- We organised a contest for the ambassadors where they had to send screenshots of them posting about the book in their WhatsApp groups. Every screenshot got them an entry.
- We shared multimedia with them including a five-minute audio clip which reads out a page from the book, which could be easily shared on WhatsApp.
Exclusive benefits: They were the first to get invites to events in their cities, and have been promised the entire series in paperback. The benefits they receive are very similar to street teams, but the entire thing is coordinated through WhatsApp.
Book Reviews and Summaries on WhatsApp
There is at least one person who is doing this seriously, and he now has over 5,000 people to whom he sends out book summaries once a week in text and audio formats using WhatsApp. This is beneficial for people who do not have time to read the entire book, and he is currently doing this only for non-fiction books. However, this has made me pick up books I would otherwise not have known about. The audience here is also one of passive readers, the ones who take a book from being average in terms of sales and onto the bestseller category.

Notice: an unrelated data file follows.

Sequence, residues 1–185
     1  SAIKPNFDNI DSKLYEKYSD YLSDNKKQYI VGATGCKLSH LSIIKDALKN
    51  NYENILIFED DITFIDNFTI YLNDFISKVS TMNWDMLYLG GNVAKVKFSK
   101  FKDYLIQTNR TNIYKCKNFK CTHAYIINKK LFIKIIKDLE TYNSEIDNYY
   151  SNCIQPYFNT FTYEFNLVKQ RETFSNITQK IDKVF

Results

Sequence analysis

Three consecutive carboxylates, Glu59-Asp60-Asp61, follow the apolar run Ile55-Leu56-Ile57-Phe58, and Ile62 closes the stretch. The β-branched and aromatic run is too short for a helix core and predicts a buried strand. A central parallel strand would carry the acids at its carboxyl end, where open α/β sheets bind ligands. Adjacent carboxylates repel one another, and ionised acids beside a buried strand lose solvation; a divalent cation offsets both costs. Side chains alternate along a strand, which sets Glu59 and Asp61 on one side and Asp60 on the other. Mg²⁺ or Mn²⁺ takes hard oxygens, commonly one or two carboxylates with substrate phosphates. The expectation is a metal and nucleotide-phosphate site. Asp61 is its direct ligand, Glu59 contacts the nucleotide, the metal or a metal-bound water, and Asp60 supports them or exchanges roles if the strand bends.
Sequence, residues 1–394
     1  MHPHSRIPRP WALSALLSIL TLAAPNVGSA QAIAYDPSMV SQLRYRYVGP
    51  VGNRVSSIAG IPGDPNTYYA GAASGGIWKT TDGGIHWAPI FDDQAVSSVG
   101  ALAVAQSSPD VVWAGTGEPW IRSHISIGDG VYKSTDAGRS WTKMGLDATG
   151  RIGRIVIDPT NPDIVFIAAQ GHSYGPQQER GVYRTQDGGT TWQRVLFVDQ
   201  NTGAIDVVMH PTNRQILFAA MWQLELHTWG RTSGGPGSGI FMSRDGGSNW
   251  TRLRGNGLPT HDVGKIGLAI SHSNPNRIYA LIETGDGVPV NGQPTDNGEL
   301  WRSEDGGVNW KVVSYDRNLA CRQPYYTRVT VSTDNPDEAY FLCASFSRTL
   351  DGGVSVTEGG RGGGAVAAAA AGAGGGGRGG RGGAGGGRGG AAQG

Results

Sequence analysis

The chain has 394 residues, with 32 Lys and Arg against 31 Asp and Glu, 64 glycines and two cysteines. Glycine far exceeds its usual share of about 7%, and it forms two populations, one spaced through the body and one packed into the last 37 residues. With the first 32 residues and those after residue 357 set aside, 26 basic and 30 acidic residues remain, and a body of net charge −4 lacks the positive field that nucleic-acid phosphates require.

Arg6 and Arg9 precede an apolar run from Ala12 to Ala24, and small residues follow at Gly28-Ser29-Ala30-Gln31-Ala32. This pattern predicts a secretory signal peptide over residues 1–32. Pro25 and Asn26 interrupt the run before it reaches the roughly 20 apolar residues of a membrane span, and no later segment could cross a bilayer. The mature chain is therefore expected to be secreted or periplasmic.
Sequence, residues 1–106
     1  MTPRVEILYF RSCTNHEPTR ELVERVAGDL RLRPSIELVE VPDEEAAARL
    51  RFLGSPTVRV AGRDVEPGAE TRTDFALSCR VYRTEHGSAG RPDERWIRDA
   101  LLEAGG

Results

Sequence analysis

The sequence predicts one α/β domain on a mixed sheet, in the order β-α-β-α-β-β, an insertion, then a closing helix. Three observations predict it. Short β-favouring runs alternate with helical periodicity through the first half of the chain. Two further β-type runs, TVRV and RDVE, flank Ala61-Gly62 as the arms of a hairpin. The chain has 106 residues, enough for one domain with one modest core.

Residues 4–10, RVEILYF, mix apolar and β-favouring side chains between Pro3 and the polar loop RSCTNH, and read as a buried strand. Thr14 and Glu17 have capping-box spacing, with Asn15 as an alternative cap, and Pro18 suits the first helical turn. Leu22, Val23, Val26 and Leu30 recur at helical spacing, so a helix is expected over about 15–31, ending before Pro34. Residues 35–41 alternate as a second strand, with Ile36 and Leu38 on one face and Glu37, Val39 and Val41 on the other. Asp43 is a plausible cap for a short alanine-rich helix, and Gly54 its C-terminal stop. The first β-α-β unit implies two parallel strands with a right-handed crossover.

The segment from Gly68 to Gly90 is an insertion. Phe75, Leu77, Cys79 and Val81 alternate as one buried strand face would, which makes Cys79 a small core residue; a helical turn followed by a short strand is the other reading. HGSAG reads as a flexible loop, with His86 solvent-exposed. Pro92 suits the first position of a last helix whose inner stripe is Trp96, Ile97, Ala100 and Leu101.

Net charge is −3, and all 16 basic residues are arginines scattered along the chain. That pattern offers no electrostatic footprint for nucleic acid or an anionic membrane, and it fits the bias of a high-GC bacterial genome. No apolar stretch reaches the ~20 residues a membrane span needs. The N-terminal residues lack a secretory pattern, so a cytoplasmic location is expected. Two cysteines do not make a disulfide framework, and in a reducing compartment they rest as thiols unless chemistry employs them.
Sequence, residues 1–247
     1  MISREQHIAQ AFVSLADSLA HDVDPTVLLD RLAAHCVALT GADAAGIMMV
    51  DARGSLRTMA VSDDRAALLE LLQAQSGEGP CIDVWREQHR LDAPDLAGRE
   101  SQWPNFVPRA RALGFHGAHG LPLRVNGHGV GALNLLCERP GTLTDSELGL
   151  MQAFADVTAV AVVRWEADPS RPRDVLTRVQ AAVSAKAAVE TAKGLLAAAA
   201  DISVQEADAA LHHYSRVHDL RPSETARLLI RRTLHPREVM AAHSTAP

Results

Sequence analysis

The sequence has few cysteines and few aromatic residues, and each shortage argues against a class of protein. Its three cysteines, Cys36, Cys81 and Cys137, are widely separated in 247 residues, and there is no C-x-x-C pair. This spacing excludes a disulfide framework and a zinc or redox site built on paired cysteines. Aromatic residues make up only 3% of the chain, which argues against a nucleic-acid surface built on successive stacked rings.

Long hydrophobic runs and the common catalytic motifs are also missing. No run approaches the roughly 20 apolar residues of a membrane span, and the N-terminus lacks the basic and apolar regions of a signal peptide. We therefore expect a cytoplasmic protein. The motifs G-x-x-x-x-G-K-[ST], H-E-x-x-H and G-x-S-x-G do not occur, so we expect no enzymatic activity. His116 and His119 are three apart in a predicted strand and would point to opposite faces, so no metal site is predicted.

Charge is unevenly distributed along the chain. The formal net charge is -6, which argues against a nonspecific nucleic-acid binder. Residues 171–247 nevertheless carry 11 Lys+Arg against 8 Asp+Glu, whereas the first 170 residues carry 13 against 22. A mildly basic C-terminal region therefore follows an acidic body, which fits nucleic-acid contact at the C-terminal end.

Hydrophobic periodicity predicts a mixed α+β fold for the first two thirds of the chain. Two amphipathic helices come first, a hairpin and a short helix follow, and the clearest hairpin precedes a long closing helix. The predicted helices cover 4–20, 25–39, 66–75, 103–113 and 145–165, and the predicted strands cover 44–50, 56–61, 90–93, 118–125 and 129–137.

Using Messaging Apps for Sending out Event Invites
Here is India, it is now considered acceptable to send invites to events to messaging apps. WhatsApp has been used to send invites for birthday parties and even weddings. I have personally received invites to author readings and book launches on WhatsApp, and collecting phone numbers instead of or along with email addresses is now considered pretty standard here.
The benefit of messaging apps is that the rate of opening messages is much higher than for emails currently. (This is based on empirical evidence, and I don’t have numbers for this.)
We have WhatsApp groups for everything from entrepreneur support groups to reading clubs. These groups can be powerful, and more personal than Facebook groups as responses are immediate. Reading clubs can be replicated really well on messaging apps. We are just scratching the surface of what is possible here, and I am sure more innovative ideas will come out over time.
OVER TO YOU Have you used WhatsApp for book marketing yet? Do you have any tips to add to Ritesh’s suggestions, or any cautionary tales? Please feel free to share via the comments box.